The mutual fund riskometer is a simple representation of the risk a fund carries.
Every mutual fund investment carries some level of risk. Most investors do not know these and either end up staying away from mutual funds or at times invest in funds that do not meet their risk appetite.
While the mutual fund offer documents provide all the information one requires, it is not always presented in an easily readable form. AMFI and various Asset Management Companies continue to strive to educate investors so that they can take the most informed decisions.
To tackle this issue, starting 1st July 2015, the Securities and Exchange Board of India(SEBI) has made it mandatory for all mutual fund schemes to display the ‘Riskometer’, which is a visual representation of the level of risk involved in the particular scheme.
Riskometer is an upgrade from the ‘colored product labels’ introduced in March 2013 that required mutual fund companies to color code the funds based on the risk they carried. This method used color boxes depending on the level of risk of the schemes. The concept was similar to that used by clothing or food processing industries (red dot for non-vegetarian ingredients and green for pure vegetarian ingredients).
With mutual funds, a blue box meant there was low risk on the principal. A yellow box meant medium risk and a brown box meant high risk. The fund house had to display these colored boxes on offer documents, scheme advertisements and common application forms.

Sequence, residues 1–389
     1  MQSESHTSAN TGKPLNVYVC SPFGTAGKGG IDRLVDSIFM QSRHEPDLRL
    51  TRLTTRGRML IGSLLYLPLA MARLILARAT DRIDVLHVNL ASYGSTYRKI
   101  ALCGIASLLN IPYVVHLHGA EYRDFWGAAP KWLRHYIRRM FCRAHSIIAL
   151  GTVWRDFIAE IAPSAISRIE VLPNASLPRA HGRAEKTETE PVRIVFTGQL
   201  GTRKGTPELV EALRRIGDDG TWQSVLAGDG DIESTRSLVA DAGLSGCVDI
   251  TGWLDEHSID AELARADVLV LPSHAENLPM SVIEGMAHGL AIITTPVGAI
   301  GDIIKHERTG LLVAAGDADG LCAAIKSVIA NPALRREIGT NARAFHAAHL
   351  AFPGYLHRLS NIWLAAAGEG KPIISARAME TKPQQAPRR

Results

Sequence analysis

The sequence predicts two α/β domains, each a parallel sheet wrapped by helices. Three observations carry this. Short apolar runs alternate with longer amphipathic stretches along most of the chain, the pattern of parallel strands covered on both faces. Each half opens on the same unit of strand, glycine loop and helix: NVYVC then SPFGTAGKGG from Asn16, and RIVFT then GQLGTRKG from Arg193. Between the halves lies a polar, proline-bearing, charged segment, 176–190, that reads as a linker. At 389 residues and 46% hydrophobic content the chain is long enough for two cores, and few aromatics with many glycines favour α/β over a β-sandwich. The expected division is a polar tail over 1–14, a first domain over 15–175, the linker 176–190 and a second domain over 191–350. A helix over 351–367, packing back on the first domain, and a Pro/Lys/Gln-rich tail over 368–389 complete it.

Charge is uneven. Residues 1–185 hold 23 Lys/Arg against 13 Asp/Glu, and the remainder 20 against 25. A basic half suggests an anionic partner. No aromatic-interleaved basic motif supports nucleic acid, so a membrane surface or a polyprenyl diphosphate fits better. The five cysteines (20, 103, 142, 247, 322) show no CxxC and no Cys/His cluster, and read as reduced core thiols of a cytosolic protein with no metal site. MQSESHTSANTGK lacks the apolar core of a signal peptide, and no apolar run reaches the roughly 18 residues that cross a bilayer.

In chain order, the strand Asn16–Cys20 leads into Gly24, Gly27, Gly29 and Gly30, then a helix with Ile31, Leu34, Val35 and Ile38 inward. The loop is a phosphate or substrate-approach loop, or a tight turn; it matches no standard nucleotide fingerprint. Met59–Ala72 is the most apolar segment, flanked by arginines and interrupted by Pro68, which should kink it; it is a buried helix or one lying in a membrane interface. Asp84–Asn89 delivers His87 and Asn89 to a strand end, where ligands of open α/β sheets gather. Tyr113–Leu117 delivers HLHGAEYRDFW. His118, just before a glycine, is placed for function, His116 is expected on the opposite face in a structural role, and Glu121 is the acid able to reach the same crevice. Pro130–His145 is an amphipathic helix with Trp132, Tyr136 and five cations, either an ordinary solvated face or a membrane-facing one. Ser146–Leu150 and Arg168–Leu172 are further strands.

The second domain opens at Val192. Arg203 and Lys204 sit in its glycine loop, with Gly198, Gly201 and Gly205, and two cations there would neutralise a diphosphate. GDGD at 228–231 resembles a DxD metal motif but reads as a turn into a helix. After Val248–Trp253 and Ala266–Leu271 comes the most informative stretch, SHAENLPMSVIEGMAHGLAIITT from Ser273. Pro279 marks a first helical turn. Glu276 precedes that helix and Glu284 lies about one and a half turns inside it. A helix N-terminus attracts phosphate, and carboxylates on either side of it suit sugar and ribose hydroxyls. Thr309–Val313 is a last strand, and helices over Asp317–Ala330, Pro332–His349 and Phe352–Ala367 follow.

Why the change?
The color system method didn’t seem to serve a purpose, according to some distributors. The need for a better system was felt and the Riskometer was introduced. The color labels were still open to interpretation even though a description was provided along with the color label. The Riskometer states the level of risk more clearly.
How does a Riskometer look?
The Riskometer adds two more categories to the previous method. It looks like a speedometer and has the following five different levels:
1. Principal at low risk
2. Principal at moderately low risk
3. Principal at moderate risk
4. Principal at moderately high risk
5. Principal at high risk